Lilly Daigle, Alexandria, VA
The launch of the local campaign in Alexandria has been an inspirational experience for me as a community organizer. It’s amazing to see how passionate and involved members of Alexandria are when it comes to protecting their public health and environment. At our first campaign action meeting, a dozen community members turned out on a cold, winter’s night to learn more about our effort to safeguard antibiotics, sign up to volunteer, and write letters to city council. With numerous upcoming meetings with members of the Alexandria city council and the Environmental Policy Commission, I’m excited for where this campaign and its amazing volunteers will take us.
Eva Resnick-Day, Seattle WA
Arriving here in Seattle to launch the local effort to call on Congress to regulate antibiotics, I was nervous that people might be a bit too deflated after the devastating loss of the attempt to label GMOs to get involved. What I found, however, was the opposite. People here were energized. Seattle is ready now more than ever to take on our broken food system, and fight the corporate systems that compromise our health and well-being. A highlight for me was meeting with so many volunteers after our campaign launch meeting, who were eager to learn how they could get more involved. Many volunteers shared a similar sentiment: ” I joined this campaign because it is strategic. I know we can win, and I know that when we do, it will have a big impact.” I cannot wait to build our momentum and movement across the city, and work with the Seattle City Council to be a catalyst in the national movement to save antibiotics for humans, not factory farms.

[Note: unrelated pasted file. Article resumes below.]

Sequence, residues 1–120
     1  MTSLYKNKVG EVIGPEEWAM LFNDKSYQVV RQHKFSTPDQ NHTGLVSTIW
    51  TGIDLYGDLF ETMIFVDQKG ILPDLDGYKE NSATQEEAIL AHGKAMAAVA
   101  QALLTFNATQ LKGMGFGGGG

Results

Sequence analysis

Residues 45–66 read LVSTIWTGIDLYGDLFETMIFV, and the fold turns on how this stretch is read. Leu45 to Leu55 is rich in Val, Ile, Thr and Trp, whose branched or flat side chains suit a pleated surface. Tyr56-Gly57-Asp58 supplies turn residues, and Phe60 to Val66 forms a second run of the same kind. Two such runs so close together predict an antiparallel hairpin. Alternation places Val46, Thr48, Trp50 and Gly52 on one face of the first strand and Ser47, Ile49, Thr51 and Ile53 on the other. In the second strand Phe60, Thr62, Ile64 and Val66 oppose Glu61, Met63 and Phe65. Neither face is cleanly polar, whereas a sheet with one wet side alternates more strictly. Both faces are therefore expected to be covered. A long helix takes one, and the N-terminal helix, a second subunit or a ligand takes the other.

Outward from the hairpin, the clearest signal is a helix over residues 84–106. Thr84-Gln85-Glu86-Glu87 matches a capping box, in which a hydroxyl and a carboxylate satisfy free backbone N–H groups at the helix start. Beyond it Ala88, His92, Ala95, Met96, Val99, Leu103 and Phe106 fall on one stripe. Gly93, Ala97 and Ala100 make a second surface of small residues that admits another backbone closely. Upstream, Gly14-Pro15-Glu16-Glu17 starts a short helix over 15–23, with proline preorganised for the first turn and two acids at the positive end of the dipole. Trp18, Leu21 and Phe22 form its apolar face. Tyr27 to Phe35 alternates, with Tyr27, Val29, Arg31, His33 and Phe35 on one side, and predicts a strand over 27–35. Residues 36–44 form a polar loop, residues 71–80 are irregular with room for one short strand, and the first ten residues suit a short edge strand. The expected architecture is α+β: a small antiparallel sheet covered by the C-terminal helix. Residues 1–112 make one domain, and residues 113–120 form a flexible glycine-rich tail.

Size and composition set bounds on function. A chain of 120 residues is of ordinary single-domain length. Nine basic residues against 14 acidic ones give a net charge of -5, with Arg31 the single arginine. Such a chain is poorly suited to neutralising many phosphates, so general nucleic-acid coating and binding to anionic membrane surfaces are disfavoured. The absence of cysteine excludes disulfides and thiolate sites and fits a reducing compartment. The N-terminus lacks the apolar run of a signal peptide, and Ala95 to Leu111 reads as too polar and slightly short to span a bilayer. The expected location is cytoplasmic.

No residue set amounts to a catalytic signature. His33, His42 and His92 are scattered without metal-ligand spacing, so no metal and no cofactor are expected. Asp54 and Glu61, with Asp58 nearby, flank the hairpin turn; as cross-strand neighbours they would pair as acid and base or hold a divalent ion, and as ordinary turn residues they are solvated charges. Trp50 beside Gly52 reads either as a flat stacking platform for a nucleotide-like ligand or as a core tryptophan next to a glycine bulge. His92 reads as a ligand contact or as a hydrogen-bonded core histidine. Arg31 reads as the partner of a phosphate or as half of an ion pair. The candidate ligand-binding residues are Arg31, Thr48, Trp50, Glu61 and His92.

Margaret Kran-Annextstein, Pittsburgh, PA
The people of Pittsburgh are truly committed to standing up for what’s right – safe food and healthy communities. As our team of volunteers has grown, I’ve met tons of people who were excited to tell their city council members about the campaign and to guide Pittsburgh towards a leadership role in banning the misuse of antibiotics on factory farms. During the freezing nights of the Polar Vortex, I spoke on the phone with Pittsburghers who know that this campaign is important for this city right now. So many of our conversations end with:
“Thanks so much for calling. I am so glad you are here.” As a cold organizer in a new city, nothing warms you like those words.
Emily Palmer, St. Paul, MN
St. Paul is an incredible place to organize. The Minnesotans I have met so far are eager to make meaningful change for the issues they care about, and know full well that with persistence and hard work, their elected officials will listen. This strength of will is evident in every campaign meeting we have held thus far, whether it be turning out 20 citizens to our kickoff meeting, or stalwart petitioning at the farmers market – all in negative degree weather. I’m excited to continue working with our outstanding coalition partners, and meeting and working with community groups from around St. Paul to send a strong message to the federal government to put public health over corporate wealth.
Cait De Mott Grady, Cleveland, OH
The enthusiastic and passionate response from the Cleveland community over the past month has been truly inspiring. During our first meeting on a snowy night in January, volunteers sat around and shared about why they care about this urgent public health issue and about why they’re excited to get involved in the campaign. One volunteer said very bluntly, “I’m tired of being angry and ready to do something about it.” This sentiment was echoed by everyone else in the room. It’s a privilege to be here in the Cleveland community working toward a more just and sustainable food system.